The paper "Feeding the Marketing Management and Planning Process" is a good example of a literature review on marketing. Before settling on the ideal marketing objectives to use in any organization, the marketers need to understand what the objectives really are, and their role in the marketing activities. According to McDonald (2007, p. 275), marketing objectives quantify the products or services that an organization markets, and also highlight the market targeted with the product. Without clear marketing objectives, therefore, marketers would be operating in an environment where the strategies to be taken are not clear. According to McDonald (2007, p.
276) setting clear objectives for marketing operations enables a firm to identify existing opportunities, threats and conditions that are likely to affect the business in the future. This thought is shared by Stapleton and Thomas (1998, p. 79) who observe that marketing objectives make it possible for a firm to develop marketing strategies that stand a higher chance of succeeding in a given market scenario. These authors recommend the “ Strengths, Weaknesses, Opportunities and Threats (SWOT)” analysis as one of the ideal ways that a firm can establish the nature of its internal and external environments.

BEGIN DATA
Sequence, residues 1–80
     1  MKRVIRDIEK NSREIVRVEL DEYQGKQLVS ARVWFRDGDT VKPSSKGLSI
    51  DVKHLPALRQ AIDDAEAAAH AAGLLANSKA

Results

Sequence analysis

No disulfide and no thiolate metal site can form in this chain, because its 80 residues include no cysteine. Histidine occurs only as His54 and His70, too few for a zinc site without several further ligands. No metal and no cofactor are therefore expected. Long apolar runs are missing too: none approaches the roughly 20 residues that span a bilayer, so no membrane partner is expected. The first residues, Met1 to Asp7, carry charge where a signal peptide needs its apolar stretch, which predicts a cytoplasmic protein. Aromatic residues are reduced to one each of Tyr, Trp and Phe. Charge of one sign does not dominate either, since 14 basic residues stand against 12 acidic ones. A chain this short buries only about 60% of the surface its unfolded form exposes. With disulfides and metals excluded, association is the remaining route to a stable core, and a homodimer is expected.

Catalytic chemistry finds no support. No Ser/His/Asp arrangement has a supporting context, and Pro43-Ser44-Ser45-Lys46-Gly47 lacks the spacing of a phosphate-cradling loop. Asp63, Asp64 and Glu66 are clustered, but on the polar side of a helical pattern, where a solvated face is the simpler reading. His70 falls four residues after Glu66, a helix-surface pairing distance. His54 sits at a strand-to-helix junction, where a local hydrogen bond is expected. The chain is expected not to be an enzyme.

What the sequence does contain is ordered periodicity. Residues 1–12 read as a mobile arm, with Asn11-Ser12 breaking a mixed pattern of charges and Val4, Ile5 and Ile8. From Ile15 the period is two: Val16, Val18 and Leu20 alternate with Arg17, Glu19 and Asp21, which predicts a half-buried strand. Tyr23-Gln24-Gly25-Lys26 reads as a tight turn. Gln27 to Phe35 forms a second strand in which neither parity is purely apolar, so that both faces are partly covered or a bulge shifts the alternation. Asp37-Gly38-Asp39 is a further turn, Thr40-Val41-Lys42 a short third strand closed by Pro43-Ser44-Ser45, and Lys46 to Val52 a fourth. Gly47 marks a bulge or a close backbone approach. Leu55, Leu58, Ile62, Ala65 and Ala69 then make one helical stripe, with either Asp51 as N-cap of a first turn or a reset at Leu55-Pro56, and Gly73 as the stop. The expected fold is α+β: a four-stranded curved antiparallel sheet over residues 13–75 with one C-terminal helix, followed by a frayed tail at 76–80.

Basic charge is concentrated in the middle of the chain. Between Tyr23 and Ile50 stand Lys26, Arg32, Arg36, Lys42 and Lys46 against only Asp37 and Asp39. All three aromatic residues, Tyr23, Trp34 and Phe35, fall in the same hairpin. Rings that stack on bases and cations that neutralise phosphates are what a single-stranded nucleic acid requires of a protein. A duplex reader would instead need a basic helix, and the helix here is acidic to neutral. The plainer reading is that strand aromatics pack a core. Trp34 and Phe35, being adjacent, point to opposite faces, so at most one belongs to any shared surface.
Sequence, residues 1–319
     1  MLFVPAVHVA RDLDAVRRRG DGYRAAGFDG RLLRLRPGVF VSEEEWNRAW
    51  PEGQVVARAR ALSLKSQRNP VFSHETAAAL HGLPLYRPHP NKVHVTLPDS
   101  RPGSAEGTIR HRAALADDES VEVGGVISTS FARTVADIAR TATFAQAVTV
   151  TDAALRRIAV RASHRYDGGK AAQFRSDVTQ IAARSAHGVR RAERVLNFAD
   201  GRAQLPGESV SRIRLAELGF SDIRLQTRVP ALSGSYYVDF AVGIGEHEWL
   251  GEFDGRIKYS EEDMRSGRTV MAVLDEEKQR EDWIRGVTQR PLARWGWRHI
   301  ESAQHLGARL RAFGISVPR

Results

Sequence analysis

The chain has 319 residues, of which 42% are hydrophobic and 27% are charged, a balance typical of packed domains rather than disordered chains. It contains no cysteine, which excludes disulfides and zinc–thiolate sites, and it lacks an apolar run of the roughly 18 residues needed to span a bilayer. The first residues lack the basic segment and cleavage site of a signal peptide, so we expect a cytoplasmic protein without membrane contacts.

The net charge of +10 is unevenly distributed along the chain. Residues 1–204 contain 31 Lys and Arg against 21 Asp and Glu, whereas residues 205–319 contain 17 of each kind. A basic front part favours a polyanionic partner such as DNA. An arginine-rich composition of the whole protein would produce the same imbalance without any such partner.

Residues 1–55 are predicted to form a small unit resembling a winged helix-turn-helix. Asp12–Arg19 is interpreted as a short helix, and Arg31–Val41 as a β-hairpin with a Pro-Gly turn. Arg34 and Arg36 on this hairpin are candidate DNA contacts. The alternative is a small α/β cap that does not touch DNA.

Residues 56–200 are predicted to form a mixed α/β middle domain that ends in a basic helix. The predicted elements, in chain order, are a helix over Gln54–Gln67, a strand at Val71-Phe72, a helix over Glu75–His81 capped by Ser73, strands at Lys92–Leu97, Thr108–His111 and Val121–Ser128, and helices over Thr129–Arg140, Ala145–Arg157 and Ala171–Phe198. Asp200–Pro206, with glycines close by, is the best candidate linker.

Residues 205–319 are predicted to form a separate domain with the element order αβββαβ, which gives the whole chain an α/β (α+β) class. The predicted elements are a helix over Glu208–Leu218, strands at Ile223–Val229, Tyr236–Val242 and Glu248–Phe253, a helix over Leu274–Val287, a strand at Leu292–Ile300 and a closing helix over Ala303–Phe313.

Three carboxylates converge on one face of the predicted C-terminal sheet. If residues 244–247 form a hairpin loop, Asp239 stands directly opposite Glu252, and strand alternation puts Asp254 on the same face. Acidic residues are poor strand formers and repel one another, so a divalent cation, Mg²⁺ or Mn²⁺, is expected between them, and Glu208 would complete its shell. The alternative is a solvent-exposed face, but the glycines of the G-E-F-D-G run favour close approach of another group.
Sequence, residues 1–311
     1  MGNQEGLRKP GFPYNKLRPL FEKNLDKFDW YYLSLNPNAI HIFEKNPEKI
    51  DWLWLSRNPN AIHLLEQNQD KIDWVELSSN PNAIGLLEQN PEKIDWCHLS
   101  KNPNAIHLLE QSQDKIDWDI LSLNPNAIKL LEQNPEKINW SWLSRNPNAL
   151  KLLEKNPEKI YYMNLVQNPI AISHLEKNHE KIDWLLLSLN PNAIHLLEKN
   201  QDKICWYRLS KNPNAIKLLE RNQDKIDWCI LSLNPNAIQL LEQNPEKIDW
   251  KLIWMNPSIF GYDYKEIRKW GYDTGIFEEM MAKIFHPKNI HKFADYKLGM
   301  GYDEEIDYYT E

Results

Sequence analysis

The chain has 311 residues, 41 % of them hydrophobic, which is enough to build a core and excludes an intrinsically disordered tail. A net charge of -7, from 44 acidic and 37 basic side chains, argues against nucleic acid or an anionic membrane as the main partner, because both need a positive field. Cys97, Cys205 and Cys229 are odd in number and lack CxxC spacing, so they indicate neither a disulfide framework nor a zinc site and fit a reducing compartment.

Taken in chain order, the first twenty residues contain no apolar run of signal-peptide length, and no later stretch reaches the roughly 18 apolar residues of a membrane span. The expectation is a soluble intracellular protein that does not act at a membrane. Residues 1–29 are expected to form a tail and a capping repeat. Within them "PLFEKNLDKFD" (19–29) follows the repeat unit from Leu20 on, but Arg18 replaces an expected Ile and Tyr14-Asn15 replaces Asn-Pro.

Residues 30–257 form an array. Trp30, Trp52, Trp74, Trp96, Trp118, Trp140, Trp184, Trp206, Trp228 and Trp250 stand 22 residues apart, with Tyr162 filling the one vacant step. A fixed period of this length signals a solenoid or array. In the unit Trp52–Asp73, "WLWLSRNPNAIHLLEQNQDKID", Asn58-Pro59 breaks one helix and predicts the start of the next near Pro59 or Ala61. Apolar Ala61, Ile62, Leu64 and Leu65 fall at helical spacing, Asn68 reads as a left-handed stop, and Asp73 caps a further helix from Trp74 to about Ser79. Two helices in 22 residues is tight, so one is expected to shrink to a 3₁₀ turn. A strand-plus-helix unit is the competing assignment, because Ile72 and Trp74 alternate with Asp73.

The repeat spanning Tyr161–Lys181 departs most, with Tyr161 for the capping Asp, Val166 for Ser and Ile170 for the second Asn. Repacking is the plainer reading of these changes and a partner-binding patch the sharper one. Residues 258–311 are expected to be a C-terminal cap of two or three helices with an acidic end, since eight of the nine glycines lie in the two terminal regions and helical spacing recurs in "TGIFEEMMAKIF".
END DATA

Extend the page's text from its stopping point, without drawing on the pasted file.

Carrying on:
Used together with a marketing audit, a SWOT analysis “ enables the management to formulate its marketing objectives” (Stapleton & Thomas, 1998, p. 81). But what exactly is a SWOT analysis in relation to marketing? Well, a company’ s strength is represented by internal factors that may include skills, market dominance, superior brands or a dedicated workforce among other advantages that a firm has over its competitors. Weaknesses, on the other hand, are internal inadequacies that disadvantage the firm in relation to its competitors in the market.
A firm that lacks the financial capabilities required to launch a wide marketing campaign can, for instance, classify financial limitations as one of its key weaknesses. Opportunities give the firm a favorable environment to excel. They may come from technological advancement, regulatory changes and a change in the firm’ s relations among other things. Marketers understand that the swiftness of their actions in response to the opportunities determines whether they will make something out of it or not (Stapleton and Thomas, 1998, p. 79).
Threats, on the other hand, are defined by Lord (2009, p. 10) as unfavorable developments in a given market, which can affect the firm adversely. Some of the common threats that marketers experience on a regular basis include new market entrants, technological changes, regulations, and increased supplier or buyer bargaining powers among others.